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We continue with a depression-era strategy for combatting another depression. Personally, I'm not sure the premises hold up today as well as folks thought they would in the 1930s.
Gregg Speed Building, Gregg Publishing Company, 1932, p. 204-206
Building a Depression-Proof Community (concluded)
For instance, we get many inquiries from women. These women are logical prospects for the merchandise of every other Newport manufacturer who makes products designed to appeal to women. Is there any reason why we should not turn these inquiries over to these manufacturers to be followed up by any method that these manufacturers see fit? Thus, under our plan of mutual cooperation, each industry in the town feeds every other industry with prospects.
To me, that is one of the unique features of the Newport plan, overlooked by nearly all communities which think about the mutual dependence of various manufacturers but do nothing about it. We believe that this mutual dependence means a great deal and that so long as you have non-competing industries, each industry can and should contribute to all its fellows.
A third feature of our plan is our idea of boosting Newport, the Sunshine Town. We don’t expect that we can build such prestige for Newport that thousands of people will rush to retail stores and demand products from Newport, New Hampshire, regardless of the merit of those products. We do believe, however, that we can make the name Newport as important as the hallmark on silver.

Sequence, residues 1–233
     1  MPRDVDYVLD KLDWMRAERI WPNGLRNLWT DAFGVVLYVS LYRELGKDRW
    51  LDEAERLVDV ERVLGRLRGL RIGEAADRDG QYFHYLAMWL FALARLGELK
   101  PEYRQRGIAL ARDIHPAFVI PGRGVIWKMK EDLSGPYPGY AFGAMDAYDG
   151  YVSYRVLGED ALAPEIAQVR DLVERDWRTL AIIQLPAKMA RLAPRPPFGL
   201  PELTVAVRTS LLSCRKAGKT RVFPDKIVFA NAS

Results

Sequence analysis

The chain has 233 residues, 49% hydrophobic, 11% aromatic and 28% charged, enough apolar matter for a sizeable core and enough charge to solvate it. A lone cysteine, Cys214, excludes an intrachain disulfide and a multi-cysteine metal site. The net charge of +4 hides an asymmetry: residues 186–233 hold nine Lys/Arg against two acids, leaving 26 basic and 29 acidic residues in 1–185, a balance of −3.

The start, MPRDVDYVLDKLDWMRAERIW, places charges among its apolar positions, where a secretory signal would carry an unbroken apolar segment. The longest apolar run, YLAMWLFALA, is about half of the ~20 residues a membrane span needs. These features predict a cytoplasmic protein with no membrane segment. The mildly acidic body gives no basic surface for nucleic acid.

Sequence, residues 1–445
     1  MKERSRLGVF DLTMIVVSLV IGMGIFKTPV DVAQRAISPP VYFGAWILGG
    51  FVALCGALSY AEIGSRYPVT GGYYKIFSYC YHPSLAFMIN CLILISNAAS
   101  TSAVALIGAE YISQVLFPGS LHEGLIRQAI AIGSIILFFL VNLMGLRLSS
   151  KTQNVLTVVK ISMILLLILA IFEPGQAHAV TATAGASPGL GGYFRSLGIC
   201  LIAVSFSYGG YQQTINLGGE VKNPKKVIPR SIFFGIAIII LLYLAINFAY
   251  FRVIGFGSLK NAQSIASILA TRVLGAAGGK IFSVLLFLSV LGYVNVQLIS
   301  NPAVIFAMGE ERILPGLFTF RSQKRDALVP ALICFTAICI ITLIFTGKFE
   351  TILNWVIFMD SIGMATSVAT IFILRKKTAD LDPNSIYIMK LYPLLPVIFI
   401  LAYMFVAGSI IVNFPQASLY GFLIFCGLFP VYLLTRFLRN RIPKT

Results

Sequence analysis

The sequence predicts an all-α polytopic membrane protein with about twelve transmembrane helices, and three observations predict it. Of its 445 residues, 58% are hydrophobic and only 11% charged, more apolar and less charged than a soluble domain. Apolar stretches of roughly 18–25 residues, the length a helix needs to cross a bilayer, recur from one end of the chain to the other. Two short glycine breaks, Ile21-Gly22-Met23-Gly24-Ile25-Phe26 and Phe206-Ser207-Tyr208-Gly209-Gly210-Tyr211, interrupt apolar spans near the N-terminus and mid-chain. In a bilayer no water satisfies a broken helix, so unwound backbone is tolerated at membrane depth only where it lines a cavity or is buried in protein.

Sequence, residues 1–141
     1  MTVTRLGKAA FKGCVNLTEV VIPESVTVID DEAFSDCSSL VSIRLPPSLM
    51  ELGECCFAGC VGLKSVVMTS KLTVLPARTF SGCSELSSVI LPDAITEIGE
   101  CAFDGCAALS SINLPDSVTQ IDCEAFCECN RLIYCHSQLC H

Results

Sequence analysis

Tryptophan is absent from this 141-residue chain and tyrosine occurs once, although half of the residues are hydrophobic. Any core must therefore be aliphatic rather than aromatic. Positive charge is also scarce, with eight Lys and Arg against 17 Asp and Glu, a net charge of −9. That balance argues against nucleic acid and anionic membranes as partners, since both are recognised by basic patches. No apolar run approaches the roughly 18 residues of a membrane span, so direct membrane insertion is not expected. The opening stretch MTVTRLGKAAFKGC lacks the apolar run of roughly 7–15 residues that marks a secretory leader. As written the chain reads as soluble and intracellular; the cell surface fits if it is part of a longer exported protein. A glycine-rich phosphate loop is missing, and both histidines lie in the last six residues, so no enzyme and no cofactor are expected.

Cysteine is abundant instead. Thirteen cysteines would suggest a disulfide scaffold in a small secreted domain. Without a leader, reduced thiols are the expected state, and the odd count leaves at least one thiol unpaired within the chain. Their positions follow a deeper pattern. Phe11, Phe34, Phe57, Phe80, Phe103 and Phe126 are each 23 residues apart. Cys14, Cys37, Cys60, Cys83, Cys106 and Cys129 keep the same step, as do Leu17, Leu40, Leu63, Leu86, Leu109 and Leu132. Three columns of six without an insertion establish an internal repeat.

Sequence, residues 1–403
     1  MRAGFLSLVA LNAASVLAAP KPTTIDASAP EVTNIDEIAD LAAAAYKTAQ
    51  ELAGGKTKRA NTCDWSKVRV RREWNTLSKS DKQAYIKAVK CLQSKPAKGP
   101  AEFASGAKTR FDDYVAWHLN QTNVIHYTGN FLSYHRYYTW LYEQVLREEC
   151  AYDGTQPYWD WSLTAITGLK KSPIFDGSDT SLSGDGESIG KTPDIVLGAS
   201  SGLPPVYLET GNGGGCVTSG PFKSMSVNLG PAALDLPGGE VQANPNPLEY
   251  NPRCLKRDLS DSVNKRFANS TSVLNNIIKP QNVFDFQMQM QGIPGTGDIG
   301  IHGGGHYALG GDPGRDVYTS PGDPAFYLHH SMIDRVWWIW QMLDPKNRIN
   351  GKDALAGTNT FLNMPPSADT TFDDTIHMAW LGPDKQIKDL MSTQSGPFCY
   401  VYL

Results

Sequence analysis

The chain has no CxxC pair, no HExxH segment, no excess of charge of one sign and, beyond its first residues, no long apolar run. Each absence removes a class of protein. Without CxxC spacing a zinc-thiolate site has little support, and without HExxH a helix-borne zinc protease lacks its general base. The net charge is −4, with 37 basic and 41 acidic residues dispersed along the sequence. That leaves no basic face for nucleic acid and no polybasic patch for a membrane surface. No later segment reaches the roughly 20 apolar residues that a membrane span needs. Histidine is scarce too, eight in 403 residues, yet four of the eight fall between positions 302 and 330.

Let us suppose that a family buys some Pine Tree soap. They like it. They look on the wrapper and see that it is made in Newport. A few days later, the woman of the house goes into a department store and buys some good kitchen ware. The label tells her that it is made in Newport. Gradually, she is gaining the impression that good merchandise comes from Newport. Isn’t it logical to think that the next time she is in the market for blankets and sees a label that says a certain blanket is made in Newport, she will be prejudiced in its favor?
It seems to me that there are several hundred towns and cities in the United States that can study the Newport plan and profit from their study. So far as we are concerned, Newport is through with being proud of the fact that is turns out more of this or that product than any other city in the country. What we are proud of is that we turn out a higher percentage of good merchandise per capita than any other city in the country.
Behind our whole plan is the idea of industry’s obligation to the worker. We believe in good wages and full-time employment. We believe that the prosperity of industry and a community depends upon the prosperity of the worker.—Billy B. Van in Printer’s Ink
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